• Adam Sachs
  • Azuka Onye


Syringomyelia is a rare neurological condition in which a fluid-filled cavity (syrinx) has developed in the spinal canal or in the spinal parenchyma. An associated Arnold-Chiari malformation (common in patients with syringomyelia) may involve herniation of the cerebellum through the foramen magnum. The anesthetic plan should focus on not increasing the craniospinal pressure gradient, in order to prevent expansion of the syrinx, leading to spinal cord damage and/or increasing brain herniation. Neuraxial anesthesia, including both spinal and epidural, are reasonable options for cesarean delivery or labor analgesia in certain instances. When determining the optimal anesthetic plan, multiple factors, including the current intracranial pressure, the degree of CSF obstruction, the patient’s current neurological status, and the extent/level of the syrinx, should be considered. Because a wide spectrum of clinical symptoms exists in patients with syringomyelia and no anesthetic plan has been found to be superior for any mode of delivery, the preferences of the patient and practitioner should be weighed to determine a delivery plan that will optimize a favorable outcome.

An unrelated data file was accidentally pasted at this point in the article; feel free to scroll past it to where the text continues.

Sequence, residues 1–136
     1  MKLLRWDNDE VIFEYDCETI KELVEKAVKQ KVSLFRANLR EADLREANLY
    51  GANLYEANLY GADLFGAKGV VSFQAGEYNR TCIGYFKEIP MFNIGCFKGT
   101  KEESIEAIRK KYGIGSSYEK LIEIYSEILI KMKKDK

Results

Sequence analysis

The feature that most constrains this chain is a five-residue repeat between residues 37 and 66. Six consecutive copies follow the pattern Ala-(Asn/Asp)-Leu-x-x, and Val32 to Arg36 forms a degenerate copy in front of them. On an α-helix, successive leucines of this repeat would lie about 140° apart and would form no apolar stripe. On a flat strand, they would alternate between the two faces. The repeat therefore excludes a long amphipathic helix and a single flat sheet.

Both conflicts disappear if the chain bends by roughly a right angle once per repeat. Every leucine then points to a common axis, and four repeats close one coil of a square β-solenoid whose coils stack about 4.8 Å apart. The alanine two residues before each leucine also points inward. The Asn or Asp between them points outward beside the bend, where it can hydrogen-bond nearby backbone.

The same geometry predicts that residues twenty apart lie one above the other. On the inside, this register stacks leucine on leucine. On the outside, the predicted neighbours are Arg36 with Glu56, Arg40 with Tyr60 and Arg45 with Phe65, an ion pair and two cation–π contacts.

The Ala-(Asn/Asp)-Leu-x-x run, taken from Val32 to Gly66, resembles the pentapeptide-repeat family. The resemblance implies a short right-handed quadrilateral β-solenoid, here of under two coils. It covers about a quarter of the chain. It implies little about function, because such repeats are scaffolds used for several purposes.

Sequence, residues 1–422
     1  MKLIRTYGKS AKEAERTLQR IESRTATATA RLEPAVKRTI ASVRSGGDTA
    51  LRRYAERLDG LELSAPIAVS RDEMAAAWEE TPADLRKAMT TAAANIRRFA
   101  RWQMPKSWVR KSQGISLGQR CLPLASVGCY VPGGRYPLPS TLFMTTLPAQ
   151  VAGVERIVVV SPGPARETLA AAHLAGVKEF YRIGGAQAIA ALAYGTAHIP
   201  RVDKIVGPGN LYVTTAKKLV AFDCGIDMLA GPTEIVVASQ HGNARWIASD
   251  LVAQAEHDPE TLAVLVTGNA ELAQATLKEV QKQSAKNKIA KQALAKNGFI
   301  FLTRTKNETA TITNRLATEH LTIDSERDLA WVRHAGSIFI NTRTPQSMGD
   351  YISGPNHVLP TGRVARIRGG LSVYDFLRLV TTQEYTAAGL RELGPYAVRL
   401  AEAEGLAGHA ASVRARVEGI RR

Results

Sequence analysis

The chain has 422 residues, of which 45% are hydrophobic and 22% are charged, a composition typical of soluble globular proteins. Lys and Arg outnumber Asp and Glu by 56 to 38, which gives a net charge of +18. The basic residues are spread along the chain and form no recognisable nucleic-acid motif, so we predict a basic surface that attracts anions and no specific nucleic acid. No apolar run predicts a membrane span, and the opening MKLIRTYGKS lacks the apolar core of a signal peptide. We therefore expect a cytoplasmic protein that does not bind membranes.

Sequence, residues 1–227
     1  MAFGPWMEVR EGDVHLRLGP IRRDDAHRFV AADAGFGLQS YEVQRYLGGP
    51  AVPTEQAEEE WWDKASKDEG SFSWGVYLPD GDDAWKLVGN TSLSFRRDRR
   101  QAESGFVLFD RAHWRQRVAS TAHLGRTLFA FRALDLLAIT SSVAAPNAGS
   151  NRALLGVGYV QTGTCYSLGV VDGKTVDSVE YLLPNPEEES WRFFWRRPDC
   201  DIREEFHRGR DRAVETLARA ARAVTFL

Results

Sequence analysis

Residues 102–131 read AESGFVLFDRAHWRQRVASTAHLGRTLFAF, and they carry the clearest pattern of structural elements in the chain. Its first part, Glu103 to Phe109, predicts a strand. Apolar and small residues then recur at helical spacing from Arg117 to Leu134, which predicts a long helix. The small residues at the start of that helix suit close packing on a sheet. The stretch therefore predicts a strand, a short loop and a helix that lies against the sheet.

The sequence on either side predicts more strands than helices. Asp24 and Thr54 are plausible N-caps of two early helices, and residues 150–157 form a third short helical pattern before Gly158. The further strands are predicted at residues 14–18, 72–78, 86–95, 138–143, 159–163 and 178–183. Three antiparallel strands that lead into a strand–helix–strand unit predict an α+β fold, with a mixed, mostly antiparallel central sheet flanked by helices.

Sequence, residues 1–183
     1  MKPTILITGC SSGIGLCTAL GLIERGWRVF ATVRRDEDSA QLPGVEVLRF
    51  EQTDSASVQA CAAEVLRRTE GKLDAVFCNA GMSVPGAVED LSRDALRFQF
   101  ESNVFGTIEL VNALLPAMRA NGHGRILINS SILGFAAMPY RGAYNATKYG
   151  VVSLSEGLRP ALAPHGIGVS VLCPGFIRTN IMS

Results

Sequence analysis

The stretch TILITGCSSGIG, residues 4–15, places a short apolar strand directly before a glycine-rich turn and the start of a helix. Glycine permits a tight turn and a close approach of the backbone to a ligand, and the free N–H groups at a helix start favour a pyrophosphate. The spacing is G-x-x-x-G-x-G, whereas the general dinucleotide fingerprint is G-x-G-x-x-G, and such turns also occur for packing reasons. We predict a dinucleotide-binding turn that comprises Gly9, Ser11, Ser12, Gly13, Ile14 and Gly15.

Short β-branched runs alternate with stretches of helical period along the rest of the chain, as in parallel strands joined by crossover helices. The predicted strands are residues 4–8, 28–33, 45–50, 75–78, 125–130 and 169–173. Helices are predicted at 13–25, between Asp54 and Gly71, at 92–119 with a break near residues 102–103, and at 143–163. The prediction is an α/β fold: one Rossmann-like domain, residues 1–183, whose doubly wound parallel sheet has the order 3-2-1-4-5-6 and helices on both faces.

Syringomyelia Arnold-Chiari Chiari Syrinx Spinal Epidural Cesarean Pregnant Pregnancy Anesthesia 


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Copyright information

© Springer International Publishing AG, part of Springer Nature 2018

Authors and Affiliations

  • Adam Sachs
    • 1
  • Azuka Onye
    • 1
  1. 1.Department of AnesthesiologyUniversity of Connecticut Medical CentreFarmingtonUSA

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